South Bend, Indiana, where I live at the moment, is a place that I love deeply, but it’s very flat. I think that flatness discomfits my brain. There’s a building near South Bend, out on 23 beyond the mall, that’s big and lumpen, and at a certain distance, in a certain light, if you squint, it looks a little like Three Rock mountain in South Dublin. I like to do that, go there and squint — that anchors me — and I like to go out to a local South Bend supermarket on Portage where a lot of seagulls hang out in the carpark, even though the sea’s a very long way away, and the noise of them makes it easier to believe that the Irish Sea is just over the horizon.
All of that is true, but to answer with maybe more seriousness, it’s a slightly frightening question for me. I set out, pretentiously, arrogantly, wanting to be an Irish poet — a poet who would have something to say to and for the people I grew up among. I set out on my travels partly in search of experiences that would give me the breadth and depth of insight necessary to have that something to say. But then there are those two models for the voyage, Odysseus and Abraham. You might set out thinking that you’re Odysseus, that you’re going to gather the wisdom and carry it triumphantly home. But you might turn out to be Abraham: you never get home, or when you do get home, it’s so changed that you hardly recognise it. Worse, it hardly recognises you. Dublin is getting a bit like that for me, after a few years away. These days Dublin changes fast.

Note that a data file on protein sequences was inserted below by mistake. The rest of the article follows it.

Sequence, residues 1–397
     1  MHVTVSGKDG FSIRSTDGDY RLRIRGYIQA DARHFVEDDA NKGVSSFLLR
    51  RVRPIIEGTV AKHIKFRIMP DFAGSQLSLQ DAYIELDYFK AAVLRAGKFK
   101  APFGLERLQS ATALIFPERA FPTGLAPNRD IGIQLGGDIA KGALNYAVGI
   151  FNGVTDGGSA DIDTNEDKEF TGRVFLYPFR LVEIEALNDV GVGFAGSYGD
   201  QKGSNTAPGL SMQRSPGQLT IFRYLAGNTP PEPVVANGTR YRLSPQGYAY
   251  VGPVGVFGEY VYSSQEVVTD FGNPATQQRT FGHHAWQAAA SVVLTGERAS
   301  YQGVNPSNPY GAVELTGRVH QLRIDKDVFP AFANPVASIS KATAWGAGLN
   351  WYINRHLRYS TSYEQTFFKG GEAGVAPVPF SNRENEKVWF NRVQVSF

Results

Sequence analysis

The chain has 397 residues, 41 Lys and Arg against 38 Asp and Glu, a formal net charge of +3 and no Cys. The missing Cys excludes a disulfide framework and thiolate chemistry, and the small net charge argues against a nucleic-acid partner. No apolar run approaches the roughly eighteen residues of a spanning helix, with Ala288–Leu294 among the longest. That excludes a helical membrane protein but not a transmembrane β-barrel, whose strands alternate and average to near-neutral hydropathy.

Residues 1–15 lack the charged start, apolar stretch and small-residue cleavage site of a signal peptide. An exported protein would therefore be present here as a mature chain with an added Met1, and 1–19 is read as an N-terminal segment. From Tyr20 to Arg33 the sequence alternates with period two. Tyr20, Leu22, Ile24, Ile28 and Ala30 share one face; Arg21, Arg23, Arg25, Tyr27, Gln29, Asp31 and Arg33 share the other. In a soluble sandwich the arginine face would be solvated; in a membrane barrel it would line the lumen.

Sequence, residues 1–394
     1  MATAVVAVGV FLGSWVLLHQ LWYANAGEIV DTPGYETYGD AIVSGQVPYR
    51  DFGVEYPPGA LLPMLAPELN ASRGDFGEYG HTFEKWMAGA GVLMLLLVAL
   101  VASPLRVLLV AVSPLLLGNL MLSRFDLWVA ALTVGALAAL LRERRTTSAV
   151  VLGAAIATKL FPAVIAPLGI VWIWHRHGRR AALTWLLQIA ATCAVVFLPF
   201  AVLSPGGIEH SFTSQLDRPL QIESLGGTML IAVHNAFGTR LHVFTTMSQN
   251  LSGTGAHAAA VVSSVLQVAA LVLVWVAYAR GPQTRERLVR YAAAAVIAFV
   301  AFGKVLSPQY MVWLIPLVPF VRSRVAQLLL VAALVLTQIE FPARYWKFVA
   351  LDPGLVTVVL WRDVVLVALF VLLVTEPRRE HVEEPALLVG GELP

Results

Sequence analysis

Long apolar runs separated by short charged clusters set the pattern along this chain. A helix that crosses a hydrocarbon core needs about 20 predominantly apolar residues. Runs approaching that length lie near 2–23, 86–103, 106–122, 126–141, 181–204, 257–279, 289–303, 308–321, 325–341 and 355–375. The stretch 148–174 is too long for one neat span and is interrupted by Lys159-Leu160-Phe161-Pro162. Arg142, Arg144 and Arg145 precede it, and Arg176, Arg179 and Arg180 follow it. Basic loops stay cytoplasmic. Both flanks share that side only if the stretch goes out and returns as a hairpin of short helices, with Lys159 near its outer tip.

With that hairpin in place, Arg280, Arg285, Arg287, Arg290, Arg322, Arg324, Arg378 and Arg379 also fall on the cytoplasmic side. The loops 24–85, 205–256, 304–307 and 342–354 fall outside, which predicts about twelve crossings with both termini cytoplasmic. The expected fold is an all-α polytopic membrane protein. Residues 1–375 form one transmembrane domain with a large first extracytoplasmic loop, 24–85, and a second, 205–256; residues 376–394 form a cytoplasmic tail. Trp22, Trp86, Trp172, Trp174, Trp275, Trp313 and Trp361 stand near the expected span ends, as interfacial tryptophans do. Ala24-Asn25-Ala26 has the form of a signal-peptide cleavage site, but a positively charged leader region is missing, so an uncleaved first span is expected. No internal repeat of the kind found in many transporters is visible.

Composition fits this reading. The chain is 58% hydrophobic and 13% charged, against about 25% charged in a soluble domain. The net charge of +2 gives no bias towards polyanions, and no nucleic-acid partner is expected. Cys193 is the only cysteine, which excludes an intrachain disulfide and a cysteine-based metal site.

Then what? What knowledge have you acquired if there’s no centre to it? The Boston poet Fanny Howe writes beautifully about moving in spirals, about a kind of knowledge that is endlessly diasporic; but that idea is as frightening as it is beautiful.
3:AM: What are your thoughts on contemporary Irish poetry?
AD: One exciting phenomenon, it seems to me, is the fairly recent proliferation of venues in Ireland in which poetry can happen. In part this has been thanks to the work of a small number of incredibly dedicated people – people like Kevin Higgins and Susan Millar DuMars in Galway, the White House team in Limerick, and Paul Casey in Cork – who run regular open mics, workshops and guest readings, and the equally dedicated editors who run the poetry magazines. And it’s tempting to see this proliferation as the response to a need, one born out of the recession, but when I talked to Paul Casey about it he suggested that the opposite was true – that in the brief period of boom, there were enough grants going around and nice venues coming available that we’re still reaping the benefits of that.